- Catchy title and hero image (Joke about hero image?)
- Rich content with photos to support each topic
- CTAs that link out to additional information, related topics, and more.
3. Blog announcement
When you are ready for eyes on your latest blog, email announcements are a great way to let everyone know your newest blog is available. Using Tarvent, these announcements can be automatically sent as soon as Tarvent detects a new blog posted. These announcements can be sent once a blog is updated, created, or sent weekly with the latest blogs for a given channel. In either case, these announcements are automated and pulled directly from your blog content. Elements in this type of email include:
- Blog channel title and hero image
- A short summary of what the channel is about
- Title, image, and overview of each blog included in the email
This one is tricky, but one that is commonly sent if you have implemented a loyalty program, gift cards, or some other type of account that the customer may have with your business. This is tricky because this is an email initiated by you, which typically falls under the "Marketing email," definitely. However, the email is meant to summarize their account, which aligns more with transactional emails.
Companies often send out e-statements that include account balance information and upsell or cross-sell information. This is where the dilemma comes in. While we are not providing legal advice, e-statements are a great way to inform your customers of the account status and balance. Still, we caution against too much marketing content within the email, which can cause the email to be perceived as a marketing email, thus needing to follow email laws. When sending these e-Statements, we suggest including the following elements:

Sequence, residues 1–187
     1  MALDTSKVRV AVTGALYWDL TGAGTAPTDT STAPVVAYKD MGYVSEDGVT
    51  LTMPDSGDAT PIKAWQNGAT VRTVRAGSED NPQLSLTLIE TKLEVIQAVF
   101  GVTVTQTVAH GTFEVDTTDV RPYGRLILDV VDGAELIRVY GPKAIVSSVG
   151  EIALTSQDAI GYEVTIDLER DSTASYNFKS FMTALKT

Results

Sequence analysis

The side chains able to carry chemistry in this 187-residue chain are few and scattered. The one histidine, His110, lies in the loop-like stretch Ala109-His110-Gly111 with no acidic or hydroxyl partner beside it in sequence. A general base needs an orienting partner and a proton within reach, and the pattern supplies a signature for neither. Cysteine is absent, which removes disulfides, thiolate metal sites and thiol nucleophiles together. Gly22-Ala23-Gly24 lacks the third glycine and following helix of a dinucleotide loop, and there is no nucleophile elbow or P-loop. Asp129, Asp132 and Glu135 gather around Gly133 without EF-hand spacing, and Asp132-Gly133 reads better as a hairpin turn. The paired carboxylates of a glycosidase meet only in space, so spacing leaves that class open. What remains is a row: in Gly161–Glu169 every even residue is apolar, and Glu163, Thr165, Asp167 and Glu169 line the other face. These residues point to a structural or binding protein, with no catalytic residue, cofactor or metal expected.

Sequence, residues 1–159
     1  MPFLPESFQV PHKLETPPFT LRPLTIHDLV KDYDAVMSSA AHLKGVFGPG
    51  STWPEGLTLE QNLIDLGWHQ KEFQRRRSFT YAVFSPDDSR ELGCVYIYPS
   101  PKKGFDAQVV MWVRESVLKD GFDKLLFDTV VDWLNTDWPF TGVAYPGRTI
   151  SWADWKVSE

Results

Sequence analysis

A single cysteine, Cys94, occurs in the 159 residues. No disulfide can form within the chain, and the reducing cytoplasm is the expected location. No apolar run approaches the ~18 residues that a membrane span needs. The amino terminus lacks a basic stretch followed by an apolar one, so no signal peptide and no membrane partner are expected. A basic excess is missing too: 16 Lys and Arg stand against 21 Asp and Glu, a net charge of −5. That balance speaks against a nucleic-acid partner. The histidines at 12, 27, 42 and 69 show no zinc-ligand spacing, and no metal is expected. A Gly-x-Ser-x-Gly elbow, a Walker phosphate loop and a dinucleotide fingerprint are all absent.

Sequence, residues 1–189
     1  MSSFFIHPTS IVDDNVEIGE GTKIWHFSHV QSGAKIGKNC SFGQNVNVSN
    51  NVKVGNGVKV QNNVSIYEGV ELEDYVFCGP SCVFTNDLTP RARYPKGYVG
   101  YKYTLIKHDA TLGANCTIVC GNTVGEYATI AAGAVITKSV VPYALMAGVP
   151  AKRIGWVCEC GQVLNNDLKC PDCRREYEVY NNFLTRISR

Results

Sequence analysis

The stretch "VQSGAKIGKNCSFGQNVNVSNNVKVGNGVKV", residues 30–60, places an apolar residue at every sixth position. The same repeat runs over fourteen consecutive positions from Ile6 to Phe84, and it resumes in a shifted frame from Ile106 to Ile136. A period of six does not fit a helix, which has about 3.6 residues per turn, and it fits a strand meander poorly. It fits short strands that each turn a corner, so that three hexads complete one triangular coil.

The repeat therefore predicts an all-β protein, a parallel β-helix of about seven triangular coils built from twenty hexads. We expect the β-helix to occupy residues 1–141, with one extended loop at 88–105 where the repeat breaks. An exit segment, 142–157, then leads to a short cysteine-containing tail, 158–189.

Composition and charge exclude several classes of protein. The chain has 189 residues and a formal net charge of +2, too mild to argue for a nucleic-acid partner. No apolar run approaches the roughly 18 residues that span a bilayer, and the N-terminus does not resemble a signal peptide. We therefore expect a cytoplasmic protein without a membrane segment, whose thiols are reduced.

- Great title and hero image
- Partial or complete account number
- Account balance or other related account status information
- Minimal marketing information
Sending marketing and transaction emails with Tarvent
As we've discussed, there are some distinct differences between marketing and transactional email. Sending them, due to their nature, is typically different. Technically speaking, you can send either type of email using our GraphQL-based API or our web-based platform. However, we usually suggest sending transactional emails using our API to get the customer's email sent immediately. In contrast, marketing emails are best tested and sent using our web-based platform.